aging · Family · health · ME/ CFS · relationships

Genetics

I search for father
in this pain, recall
limbs wrapped,
liniment-lathered,
how he cried out
relief beyond reach

judged his suffering
as emotional –
a karmic penalty
for a life of tyranny –
compassion lapsed.

Now, I fight with legs
that will not settle,
arms that ache to bone,
moments inconsolable
spiralling into moodiness

seems I misunderstood –
overlooked the possibility
of genetics – pain compounded
by the guilt of impotence

curse my failure
to express sympathy,
offer comfort – the habit
of retracting into defensiveness
enacted till his death –

softness not a component
of the barriers that stood
between us…

adversity · aging · Family · health · poetry

Blessings

Mother’s feet scream –
agony of her miserable condition,
underlying disease eating her.
My feet, free of calluses,
paddles slightly bent and fallen,
carry on with forgiving kindness.

Husband’s knees are red-hot pokers
shooting knife-sharp volts
with every rickety step.
Mine are knots in spindly
trunks that bear movement
graciously, allot me flexibility.

Father’s back grew weak
faltering in the end, hunched,
as if he’d born a cumbersome burden.
My back, not without its moaning,
carries me proudly erect –
like the spring sapling, winter endured.

Uncle’s heart beats erratically,
ceasing despite its mechanical support,
his life a testimony to modern science.
My heart flutters with expectancy,
aches with disappointment,
and soars with each new birdsong.

Sister’s tension rises,
the stiffness in her neck suffocating,
headaches blinding her vision.
My neck, slung now like a rooster’s,
puffs around my face like an old friend,
allows me the comfort of perspective.

Brother’s mind has seized,
lost somewhere between today
and yesteryear – never certain of either.
Mine, a constant churning cog,
gathers information, spews ideas
and bends in the face of creativity.

My eyes have seen suffering,
my hands throbbed with desire to help;
yet each bears their cross stoically,
and so I watch with compassion
and gratitude for the life I might have lived,
had my own vessel not been so blessed.

(This is an edited version of an earlier post by the same name.)

adversity · aging · disability · dreams · health · life · poetry · recovery

Evolution

Evolution takes effort –
requires a heart unburdened
by unrequited daydreams
holding me in limbo, emphasizing
past heartaches, yearning
for unconditional love.

I pedal backwards, am
overwhelmed by where
the past has led me –
exaggerated reproductions,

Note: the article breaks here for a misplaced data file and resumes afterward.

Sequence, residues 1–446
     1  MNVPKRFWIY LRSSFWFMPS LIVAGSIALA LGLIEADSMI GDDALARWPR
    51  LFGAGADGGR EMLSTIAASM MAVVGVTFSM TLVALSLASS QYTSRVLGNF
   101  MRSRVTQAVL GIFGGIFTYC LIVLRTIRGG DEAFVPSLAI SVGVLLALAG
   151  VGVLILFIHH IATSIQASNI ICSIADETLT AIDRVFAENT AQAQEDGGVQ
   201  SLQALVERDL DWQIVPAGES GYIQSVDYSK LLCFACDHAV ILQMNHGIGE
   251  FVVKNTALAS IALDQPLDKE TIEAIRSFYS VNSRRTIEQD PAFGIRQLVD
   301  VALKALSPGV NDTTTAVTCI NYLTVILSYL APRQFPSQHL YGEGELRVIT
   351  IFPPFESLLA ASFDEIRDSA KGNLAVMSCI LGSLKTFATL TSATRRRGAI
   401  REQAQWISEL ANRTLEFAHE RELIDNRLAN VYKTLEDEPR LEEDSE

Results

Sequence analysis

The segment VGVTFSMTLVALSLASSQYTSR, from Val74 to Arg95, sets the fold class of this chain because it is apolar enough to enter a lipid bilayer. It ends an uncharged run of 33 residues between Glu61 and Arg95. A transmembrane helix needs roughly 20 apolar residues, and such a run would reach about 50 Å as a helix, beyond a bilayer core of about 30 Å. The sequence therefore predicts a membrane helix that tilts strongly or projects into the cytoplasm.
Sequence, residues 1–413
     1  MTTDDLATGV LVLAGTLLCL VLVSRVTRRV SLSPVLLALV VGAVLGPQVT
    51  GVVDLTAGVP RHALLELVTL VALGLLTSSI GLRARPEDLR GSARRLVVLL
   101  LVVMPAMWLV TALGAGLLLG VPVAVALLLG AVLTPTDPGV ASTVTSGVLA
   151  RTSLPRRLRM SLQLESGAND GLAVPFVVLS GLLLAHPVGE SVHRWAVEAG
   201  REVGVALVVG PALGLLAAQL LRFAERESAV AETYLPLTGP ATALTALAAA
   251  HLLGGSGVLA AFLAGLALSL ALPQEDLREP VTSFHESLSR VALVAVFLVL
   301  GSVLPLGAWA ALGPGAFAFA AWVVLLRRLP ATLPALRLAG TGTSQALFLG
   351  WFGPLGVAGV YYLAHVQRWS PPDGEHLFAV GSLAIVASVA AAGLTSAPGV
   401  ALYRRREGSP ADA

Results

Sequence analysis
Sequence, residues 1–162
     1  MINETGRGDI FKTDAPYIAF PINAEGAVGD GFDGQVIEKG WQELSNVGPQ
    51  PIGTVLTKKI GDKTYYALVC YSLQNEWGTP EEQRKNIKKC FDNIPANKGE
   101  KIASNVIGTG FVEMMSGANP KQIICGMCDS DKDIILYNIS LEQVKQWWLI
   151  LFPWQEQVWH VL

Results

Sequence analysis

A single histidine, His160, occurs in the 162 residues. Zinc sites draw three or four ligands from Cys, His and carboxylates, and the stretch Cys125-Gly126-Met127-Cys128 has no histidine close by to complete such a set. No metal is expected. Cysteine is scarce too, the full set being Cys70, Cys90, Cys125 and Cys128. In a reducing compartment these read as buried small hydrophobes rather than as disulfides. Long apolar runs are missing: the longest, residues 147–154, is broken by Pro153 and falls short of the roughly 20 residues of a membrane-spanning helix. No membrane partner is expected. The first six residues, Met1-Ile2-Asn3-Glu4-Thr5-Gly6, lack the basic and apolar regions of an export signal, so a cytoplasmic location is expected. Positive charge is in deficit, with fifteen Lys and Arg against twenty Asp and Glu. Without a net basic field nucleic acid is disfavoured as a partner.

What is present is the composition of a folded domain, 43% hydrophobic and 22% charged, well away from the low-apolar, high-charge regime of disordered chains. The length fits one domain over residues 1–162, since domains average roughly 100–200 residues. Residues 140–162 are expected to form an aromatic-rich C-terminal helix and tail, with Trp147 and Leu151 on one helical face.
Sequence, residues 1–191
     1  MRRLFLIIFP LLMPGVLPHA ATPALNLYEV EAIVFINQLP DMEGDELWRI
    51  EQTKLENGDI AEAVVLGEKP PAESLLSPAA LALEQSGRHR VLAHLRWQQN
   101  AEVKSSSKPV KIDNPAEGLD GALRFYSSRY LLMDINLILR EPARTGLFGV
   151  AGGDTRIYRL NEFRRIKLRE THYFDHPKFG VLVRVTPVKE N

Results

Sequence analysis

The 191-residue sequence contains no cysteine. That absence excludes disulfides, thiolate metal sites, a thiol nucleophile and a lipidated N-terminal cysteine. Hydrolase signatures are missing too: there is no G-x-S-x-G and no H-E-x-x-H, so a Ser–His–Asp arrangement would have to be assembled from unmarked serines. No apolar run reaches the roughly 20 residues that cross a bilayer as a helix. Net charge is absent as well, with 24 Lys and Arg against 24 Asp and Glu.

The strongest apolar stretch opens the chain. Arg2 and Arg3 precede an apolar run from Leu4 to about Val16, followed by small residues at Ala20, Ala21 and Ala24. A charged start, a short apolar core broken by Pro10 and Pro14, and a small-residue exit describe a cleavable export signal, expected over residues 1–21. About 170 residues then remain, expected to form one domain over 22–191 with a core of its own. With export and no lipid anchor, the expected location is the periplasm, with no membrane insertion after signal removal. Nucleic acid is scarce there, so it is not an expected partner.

laughing at my proposals,
spurning attempts at reparation –
I am out of touch, stale dated.

I long to make a difference,
find value in youth – declarations
of worthiness are jeopardized
by this state of immobility –
I hang on tighter, resist
progress, believe hope
is in the past – obligations
wrench me back to present –
evolution a preferable destination.

adversity · disability · Family · health · life · mental-health · nonfiction · spirituality

On Suffering

“All I need is to win the lottery,” Mae often proclaims.

“That’s not true,” I tell her.

“But if I had enough money, my problems would all be solved.”

“No.  If you had lots of money, you would still be schizophrenic.”

She takes this in and nods solemnly.  Then she laughs.  “You’re so funny.”

“I am studying the dictionary, though.  If I can get smarter then I’ll be better, don’t you think so?”  (Mae finished nursing school with 96%).

“Schizophrenia has nothing to do with intelligence, it’s a chemical imbalance.  You are smart already.”

The conversation is redundant.  We will revisit it many times.

Mae, like many people, just wants an end to her suffering.

As a student of alternative health care techniques, and a caregiver, I too have looked for answers to the riddle of why suffering exists in the world.  I have witnessed parents watching their infant die, and young children sitting at their dying mother’s bedside.  I have met those whose disease has debilitated them to a point of total dependency; and others whose lives have changed in an instant due to an accident or violence.  And I have met many, like Mae, who are born into suffering, with no hope for a cure.  Void of answers, I am only left with more questions.

What I have come away with, though, is a sense of awe for the spirit that drives each and everyone of these people.  In the midst of so much tragedy, I have encountered strength, willingness, compassion, and incredible resilience.

I don’t believe, as some do, that suffering is a choice; I believe it is inevitable.   And in some instances, I believe that suffering can open the doors for much discovery.